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With IBM Chip Breakthrough, Moore’s Law Continues

Credit: Intel, edited

(Ferenstein Wire) – IBM announced a major breakthrough in chip technology, with a super-tiny seven-nanometer chip. This chip breaks the difficult 10nm barrier and proves that the industry can still move along an important innovation pace known as “Moore’s Law.”

Practically speaking, the Intel team used a novel type of hybrid fabric, silicon germanium, to shrink the fundamental components of the chip to 7nm each. This allows cheaper and more powerful computing in the near future. For IBM, it shows that a $3B investment in advancing computer power, to keep up with the demand of big data, can pay off for the company.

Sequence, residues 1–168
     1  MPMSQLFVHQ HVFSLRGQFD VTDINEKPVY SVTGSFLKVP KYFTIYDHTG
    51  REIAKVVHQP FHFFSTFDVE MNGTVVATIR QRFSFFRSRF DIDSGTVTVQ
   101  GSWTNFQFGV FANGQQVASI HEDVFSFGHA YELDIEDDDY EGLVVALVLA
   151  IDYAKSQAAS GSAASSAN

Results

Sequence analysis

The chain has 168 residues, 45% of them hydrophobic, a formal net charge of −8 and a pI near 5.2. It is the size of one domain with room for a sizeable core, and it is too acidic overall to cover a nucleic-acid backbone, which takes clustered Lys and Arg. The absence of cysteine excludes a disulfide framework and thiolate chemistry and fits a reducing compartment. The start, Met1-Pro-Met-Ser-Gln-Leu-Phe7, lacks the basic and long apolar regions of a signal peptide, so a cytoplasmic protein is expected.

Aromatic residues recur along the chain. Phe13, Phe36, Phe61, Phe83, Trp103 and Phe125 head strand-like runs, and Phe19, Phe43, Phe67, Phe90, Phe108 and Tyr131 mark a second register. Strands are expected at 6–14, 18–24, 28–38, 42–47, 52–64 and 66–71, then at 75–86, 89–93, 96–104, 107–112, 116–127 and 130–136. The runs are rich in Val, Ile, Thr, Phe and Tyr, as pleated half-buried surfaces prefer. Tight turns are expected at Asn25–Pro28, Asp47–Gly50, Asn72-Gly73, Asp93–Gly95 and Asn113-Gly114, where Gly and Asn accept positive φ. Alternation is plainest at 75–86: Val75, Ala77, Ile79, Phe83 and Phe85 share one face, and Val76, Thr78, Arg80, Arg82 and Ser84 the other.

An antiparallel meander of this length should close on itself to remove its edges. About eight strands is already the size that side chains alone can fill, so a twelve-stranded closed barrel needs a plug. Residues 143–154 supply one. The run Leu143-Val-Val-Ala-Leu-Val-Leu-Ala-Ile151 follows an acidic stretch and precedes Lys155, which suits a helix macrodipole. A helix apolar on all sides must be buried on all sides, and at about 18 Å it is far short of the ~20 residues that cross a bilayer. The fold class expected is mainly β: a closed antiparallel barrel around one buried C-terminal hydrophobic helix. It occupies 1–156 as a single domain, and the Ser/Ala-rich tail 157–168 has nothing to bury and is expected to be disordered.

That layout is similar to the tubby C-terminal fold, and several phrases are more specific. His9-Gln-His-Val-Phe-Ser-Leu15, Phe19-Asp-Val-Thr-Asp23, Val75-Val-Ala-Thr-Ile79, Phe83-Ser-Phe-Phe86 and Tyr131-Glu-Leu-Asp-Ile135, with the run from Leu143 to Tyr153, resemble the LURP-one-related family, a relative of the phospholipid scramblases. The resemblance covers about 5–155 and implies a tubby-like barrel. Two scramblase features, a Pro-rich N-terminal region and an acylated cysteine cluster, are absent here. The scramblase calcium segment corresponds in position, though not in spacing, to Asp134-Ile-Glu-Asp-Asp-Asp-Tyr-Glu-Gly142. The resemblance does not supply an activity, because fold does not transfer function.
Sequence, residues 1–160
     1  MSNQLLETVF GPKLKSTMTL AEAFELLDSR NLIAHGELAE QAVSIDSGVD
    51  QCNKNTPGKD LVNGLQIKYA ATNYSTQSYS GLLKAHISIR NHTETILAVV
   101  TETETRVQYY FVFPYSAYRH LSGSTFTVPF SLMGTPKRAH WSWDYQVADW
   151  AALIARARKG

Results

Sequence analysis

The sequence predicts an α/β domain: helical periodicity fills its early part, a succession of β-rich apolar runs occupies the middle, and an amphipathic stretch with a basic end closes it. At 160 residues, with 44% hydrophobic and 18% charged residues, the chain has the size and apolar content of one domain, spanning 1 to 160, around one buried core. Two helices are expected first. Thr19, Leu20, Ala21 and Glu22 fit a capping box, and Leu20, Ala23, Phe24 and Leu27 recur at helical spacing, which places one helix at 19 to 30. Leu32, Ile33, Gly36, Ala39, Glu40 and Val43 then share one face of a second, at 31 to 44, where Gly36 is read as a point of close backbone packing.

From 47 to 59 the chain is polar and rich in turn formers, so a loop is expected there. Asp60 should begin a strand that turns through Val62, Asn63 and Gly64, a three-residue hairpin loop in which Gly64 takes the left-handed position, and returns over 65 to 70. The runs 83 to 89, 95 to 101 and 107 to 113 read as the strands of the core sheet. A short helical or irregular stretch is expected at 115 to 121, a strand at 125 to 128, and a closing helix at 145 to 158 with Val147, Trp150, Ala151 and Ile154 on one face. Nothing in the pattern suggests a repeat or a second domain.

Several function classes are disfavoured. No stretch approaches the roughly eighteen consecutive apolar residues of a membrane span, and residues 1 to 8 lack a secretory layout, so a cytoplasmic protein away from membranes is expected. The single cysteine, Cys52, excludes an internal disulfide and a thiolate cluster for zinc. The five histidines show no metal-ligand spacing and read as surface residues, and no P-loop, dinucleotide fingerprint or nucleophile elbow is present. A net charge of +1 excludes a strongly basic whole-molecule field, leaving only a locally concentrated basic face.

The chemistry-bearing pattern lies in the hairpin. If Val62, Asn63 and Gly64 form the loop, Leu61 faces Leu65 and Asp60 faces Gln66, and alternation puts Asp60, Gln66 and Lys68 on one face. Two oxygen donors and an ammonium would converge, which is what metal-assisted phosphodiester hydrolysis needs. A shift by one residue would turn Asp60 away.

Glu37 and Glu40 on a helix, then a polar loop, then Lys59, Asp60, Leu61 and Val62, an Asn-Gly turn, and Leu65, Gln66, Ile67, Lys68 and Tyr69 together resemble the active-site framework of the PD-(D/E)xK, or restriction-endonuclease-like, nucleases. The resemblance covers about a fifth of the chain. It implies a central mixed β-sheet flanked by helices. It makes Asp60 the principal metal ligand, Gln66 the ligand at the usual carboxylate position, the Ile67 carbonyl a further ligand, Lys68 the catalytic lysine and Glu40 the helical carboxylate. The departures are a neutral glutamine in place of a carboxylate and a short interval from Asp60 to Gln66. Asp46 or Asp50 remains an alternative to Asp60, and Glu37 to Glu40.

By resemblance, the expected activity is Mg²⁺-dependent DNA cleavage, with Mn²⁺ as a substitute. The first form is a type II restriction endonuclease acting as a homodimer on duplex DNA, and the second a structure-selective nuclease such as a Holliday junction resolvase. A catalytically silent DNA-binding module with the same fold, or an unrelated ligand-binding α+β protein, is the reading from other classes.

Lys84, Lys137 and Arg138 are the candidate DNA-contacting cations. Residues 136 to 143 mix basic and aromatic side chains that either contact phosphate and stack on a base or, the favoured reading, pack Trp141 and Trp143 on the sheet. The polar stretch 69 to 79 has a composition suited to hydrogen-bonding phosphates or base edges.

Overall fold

More broadly speaking, it renews optimism that technology can maintain a breakneck pace of Moore’s Law, which predicts that the density of transistors will double every six months. Or, more generally, technology grows exponentially. With the 7nm breakthrough, technology has roughly continued on the exponential growth path.

It is worth noting that Moore’s Law is not really a mathematical law, but a rough observation about how technology improves over time. The pace of technology speeds up, moving much quicker than Moore has anticipated. But, the good news is that technological progress is not slowing down, and previous physical barriers can be overcome.

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